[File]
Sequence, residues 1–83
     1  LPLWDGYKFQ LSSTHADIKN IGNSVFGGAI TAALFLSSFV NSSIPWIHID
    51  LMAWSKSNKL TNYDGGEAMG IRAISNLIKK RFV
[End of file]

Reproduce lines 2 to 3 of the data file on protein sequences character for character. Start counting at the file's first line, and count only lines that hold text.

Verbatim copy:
     1  LPLWDGYKFQ LSSTHADIKN IGNSVFGGAI TAALFLSSFV NSSIPWIHID
    51  LMAWSKSNKL TNYDGGEAMG IRAISNLIKK RFV